Access control and endpoint authentication in the IoT is a challenging problem. Things are usually small devices with limited storage capacity, power, energy, and processing capabilities, in order to be inexpensive and practical. In many cases Things are "exposed" to tampering, whereas in many application scenarios, after Things are deployed, it is not easy to access them. Things usually are not able to perform "heavy" tasks, such as complex cryptographic operations. Storing user credentials or any other sensitive information in a Thing creates security risks, adds storage overhead, and makes security management an impossible task. When it comes to interoperable applications, Things (or even gateways) cannot interpret complex business roles and processes. Moreover, companies are not willing to share sensitive information about their users with a Thing (or a gateway), even if this information is required by an access control mechanism, neither do they want to invest in yet another security system.
The ACHILLES project overcomes these limitations by allowing the delegation of security operations to a third party, referred to as the Access Control Provider (ACP), which can be implemented by a trusted separate entity, or even the service provider itself.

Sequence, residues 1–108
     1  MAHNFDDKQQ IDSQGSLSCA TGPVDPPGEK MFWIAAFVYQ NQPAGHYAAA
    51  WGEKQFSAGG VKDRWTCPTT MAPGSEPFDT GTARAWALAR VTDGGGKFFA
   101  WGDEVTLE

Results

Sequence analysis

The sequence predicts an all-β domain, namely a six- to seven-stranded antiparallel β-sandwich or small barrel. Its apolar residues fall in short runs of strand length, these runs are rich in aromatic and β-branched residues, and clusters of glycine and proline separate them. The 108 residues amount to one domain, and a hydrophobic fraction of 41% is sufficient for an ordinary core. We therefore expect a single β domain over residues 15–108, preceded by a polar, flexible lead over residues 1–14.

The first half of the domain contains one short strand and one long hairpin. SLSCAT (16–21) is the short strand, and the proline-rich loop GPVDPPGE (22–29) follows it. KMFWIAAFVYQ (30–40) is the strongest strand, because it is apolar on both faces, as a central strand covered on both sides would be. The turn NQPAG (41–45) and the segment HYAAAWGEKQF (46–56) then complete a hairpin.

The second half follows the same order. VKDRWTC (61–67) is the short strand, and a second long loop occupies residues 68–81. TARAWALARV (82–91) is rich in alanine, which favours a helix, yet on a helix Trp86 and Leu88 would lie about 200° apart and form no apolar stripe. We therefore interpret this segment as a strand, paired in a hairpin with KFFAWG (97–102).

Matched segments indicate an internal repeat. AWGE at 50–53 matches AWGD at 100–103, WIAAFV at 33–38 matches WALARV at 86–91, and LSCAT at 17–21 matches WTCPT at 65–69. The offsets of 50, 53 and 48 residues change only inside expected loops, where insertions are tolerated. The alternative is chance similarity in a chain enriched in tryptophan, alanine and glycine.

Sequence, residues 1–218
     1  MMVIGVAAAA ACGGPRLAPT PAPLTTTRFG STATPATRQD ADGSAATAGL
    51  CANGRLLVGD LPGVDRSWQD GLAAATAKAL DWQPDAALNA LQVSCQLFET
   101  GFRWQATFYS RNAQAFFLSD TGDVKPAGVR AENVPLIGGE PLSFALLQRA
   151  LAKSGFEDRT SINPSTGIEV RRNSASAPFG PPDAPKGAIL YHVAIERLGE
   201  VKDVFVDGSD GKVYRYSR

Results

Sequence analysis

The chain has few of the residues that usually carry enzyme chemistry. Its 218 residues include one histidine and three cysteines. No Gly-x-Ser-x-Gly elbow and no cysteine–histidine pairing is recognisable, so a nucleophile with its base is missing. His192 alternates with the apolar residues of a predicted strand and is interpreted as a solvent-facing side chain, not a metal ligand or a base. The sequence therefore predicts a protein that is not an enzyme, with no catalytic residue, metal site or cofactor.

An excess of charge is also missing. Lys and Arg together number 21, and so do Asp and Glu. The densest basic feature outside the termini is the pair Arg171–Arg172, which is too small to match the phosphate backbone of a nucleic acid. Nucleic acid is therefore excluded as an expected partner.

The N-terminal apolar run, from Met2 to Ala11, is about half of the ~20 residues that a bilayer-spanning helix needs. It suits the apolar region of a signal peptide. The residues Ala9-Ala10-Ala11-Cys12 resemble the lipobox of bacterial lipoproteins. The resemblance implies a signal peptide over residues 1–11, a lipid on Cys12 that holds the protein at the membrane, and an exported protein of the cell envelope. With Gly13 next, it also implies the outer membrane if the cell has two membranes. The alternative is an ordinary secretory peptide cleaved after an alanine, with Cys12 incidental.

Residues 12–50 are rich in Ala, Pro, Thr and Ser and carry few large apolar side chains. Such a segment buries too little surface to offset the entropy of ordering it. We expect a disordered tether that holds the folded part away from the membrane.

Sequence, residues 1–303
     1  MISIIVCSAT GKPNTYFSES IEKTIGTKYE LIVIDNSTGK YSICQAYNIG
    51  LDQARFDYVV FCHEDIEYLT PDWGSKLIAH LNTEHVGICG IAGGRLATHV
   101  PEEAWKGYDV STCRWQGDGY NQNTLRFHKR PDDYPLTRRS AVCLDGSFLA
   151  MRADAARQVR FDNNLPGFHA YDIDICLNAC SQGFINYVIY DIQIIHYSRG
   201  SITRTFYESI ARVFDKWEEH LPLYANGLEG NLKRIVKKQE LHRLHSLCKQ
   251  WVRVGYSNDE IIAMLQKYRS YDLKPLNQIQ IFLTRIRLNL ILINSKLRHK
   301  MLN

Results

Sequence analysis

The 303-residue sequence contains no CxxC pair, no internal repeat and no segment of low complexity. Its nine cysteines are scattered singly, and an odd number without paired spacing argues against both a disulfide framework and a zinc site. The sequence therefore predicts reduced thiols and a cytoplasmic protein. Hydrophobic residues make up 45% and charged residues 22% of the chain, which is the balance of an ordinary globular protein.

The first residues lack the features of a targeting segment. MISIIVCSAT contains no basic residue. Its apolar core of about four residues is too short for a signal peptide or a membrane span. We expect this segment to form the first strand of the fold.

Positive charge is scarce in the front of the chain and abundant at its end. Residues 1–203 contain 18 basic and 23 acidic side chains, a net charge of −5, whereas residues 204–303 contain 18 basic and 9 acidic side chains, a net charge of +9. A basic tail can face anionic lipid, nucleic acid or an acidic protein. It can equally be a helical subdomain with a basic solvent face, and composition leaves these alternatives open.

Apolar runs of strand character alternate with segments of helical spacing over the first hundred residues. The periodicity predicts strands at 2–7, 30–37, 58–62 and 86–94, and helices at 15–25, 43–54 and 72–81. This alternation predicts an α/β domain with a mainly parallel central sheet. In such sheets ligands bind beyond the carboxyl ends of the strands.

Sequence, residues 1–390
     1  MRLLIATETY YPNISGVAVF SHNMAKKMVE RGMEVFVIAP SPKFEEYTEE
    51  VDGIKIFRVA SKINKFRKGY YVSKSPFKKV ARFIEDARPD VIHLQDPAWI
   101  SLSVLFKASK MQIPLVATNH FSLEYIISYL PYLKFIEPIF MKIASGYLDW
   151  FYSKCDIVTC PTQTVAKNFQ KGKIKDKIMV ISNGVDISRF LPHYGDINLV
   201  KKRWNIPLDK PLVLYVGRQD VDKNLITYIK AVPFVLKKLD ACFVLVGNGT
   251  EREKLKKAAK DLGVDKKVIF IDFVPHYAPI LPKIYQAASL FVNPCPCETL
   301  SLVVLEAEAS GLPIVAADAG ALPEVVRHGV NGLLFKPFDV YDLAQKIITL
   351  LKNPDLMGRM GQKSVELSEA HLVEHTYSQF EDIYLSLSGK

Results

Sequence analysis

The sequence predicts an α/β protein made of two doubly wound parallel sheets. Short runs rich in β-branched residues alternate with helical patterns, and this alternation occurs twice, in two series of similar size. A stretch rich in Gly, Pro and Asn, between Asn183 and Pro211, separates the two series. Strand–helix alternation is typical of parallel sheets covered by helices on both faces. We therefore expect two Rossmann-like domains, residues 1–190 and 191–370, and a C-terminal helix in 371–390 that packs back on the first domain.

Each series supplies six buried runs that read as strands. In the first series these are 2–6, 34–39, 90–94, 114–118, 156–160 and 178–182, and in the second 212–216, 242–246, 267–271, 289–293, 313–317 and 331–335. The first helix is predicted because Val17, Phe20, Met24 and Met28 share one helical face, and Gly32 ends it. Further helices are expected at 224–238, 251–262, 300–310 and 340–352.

The ACHILLES project will incorporate the above concept into the INTER-IoT platform in order to achieve the following objectives: O1: To develop an open protocol that will allow existing user management systems to be used for access control, by all layers of the INTER-IoT platform. Policies will be built and managed in these systems and Things and gateways will be oblivious to them. O2: To allow providers to offer secure services without putting much trust to the Things or the gateway, protecting at the same time end-user privacy. Things and gateways will only have to follow a simple communication protocol and will not have access to any information related to end- users. O3: To facilitate interoperability, innovation, and B2B services, by allowing the use of (pointers to) policies (e.g., https://companyA/customers) without needing to have access to the policy implementation details (e.g., who the customers of Company A are). O4: To facilitate security management, by enabling access control policy modifications without communicating with the Things (or gateways). Service providers will be able to modify security policies even after Things and gateways have been deployed. O5: To develop tools that will allow Things-gateway mutual authentication, and appropriate APIs for the INTER-FW that will allow end-users to create and access protected resources.